ALtogether, things were great. Somewhere along the lines, my weekend and evenings job (at Sharis) led me to leave my fulltime job, and to start contracting at Microsoft. I mean, that first project at MIcrosoft, we had one or two people that were certified. We had about 10 people that were better than me at using Visual Basic. and I just had a couple of redeeming qualities that ended up being worth their weight in gold.
 

aaronkempf

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I was POSITIVE that I wanted to work doing databases. I mean, the Visual Basic side, it seemed kindof beneath me, and I was a real 'go-getter' at that time. For example, on this project at Microsoft, we had 15 people sitting around in a room, asking 'How are we going to finish this project on time?". I mean, we were supposed to find volunteers to come in and help us to test this software, and there were a couple of pieces thrown together, and I Was the only one who really 'got it'. I mean, someone from Microsoft had promised us to give people FREE software from Microsoft. and then they brought us LISTS of people that had PREVIOUSLY volunteered, and somehow... nobody could figure out what needed to happen except me. I mean, we screwed around for HALF of that 3 month project, and then one day, I come up with this GREAT idea, and without direction, without permission. I start looking at the lists of people that had previously volunteered, and I started friggin CALLING THEM. I mean, I built a little Access database to keep track of volunteers, and I started working the circuits and doing whatever I HAD to to make sure that project started happening. Nobody in their right mind would have took the RISK of starting to do stuff like that, without permission. I mean, they gave us the lists. But nobody TOLD US to call these people. and somehow, I figured it out, and started making calls, I got people in the door, and I was really thanked profusely for basically saving the project. I mean, it was still a LOT of work. But I had done a lot of calling in the previous couple of years, and I wasn't going to back down unless someone told me REAL seriously to stop doing it.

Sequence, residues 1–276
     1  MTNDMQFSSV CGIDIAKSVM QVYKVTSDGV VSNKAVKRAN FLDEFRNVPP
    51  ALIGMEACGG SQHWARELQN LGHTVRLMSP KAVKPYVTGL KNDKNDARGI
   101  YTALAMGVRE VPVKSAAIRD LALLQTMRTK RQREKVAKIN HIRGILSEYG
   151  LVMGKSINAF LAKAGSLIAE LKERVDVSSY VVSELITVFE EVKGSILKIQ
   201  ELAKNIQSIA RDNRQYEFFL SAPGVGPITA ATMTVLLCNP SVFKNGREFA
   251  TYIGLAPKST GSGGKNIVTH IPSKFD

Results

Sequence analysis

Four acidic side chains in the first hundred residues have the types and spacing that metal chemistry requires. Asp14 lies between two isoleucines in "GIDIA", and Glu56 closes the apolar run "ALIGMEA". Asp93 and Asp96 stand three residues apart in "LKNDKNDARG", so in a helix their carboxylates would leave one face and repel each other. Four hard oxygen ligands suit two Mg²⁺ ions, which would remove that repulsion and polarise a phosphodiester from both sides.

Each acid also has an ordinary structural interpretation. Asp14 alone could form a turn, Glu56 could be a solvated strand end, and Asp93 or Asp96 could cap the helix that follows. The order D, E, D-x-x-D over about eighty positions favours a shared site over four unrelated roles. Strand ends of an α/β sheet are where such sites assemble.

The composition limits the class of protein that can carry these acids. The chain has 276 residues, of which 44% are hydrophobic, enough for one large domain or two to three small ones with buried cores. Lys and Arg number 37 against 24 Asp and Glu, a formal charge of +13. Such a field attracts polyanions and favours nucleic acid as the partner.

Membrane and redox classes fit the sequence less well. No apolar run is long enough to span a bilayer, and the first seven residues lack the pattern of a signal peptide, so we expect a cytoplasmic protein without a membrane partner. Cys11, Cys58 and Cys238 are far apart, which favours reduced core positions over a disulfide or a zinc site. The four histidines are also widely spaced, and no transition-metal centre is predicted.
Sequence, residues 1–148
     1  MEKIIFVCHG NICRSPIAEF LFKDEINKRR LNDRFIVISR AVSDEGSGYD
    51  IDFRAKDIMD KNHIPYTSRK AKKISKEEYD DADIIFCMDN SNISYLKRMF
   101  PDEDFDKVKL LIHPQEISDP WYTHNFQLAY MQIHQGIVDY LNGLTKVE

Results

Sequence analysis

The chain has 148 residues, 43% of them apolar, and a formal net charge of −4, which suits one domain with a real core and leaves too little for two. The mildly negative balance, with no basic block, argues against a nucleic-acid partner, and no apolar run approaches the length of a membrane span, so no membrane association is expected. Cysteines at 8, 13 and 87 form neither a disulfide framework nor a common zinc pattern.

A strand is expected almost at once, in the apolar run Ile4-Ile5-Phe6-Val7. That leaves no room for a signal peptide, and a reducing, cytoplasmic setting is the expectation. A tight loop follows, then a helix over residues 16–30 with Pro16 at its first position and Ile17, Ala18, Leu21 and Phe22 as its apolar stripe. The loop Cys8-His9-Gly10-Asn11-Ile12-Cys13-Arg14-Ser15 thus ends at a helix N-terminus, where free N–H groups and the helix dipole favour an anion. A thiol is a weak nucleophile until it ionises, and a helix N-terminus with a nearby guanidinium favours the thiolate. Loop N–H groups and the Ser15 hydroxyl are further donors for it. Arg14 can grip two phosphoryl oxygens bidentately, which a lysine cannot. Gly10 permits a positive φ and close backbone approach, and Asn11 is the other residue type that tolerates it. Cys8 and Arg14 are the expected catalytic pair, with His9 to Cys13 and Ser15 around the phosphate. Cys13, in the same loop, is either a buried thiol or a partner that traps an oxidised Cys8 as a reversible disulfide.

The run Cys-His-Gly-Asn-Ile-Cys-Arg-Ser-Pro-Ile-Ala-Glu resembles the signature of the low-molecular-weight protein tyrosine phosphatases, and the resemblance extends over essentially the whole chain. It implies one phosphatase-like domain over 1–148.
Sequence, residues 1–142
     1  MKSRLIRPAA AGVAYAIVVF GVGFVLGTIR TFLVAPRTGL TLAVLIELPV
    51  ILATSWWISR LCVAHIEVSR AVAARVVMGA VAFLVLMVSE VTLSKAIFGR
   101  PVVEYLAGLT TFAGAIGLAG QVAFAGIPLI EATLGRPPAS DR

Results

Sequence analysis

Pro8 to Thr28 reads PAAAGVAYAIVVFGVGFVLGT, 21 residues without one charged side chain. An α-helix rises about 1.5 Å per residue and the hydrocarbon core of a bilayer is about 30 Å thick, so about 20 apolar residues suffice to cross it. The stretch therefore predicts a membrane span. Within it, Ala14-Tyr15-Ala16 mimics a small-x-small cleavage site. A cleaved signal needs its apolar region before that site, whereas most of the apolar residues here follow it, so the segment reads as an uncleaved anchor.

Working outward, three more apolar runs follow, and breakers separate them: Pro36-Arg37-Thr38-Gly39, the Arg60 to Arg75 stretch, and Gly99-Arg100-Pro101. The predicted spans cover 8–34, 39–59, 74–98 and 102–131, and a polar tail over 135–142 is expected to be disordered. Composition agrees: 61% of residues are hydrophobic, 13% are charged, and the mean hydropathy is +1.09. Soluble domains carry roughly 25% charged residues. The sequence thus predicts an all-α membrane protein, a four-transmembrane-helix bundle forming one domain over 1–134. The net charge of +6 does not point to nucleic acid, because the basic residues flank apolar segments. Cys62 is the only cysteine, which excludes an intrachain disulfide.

If I fast forward a couple of months, I started doing contracting for Microsoft Access. and I didn't know my abilities well enough. I mean, I was on this project where this company, it was a division of Fujitsu Network Communications, and they had this WICKED amalgation of Microsoft Excel combined with a product named Visio. Their software was flawless, it just needed a couple of TWEAKS. and for about a month, all I could do was to talk to the guy in charge, and to convince him to get rid of Microsoft Excel and to move to MIcrosoft Access. I mean, sometimes, I don't do the best job at listening to the requirements and coming up with a SOLID technical reccomendation. But I stuck wit it. I went to CIrcuit City, and I bought a series of Training Videos on 'How to do Microsoft Access'. and I dubbed those VHS tapes onto audio cassettes, and I listened to those tapes, all day, every day. I tried my best to understand, to be able to differentiate between a recordsource and a control source.
 

aaronkempf

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and then a couple of months later, I walked into a company that had about EIGHTY Access applications and databases. I mean, I still don't understand how a company can have MORE Access applications and databases than they have EMPLOYEES. But the Access databases they scrubbed the data that was being transferred via dialup connections. There were applications that would do things like 'Fix an accounting error when a store manager forgot to run an 'end of day' report'.


and the REAL project that I was hired to work on, it had some crazy requirements:
- import data from six or eight other systems
- support more than 255 columns per table (at least that was MY diagnosis. I had difficulty with proper normalization for a long part of my career)
- support reports that ran quickly
- didn't take 10 minutes to open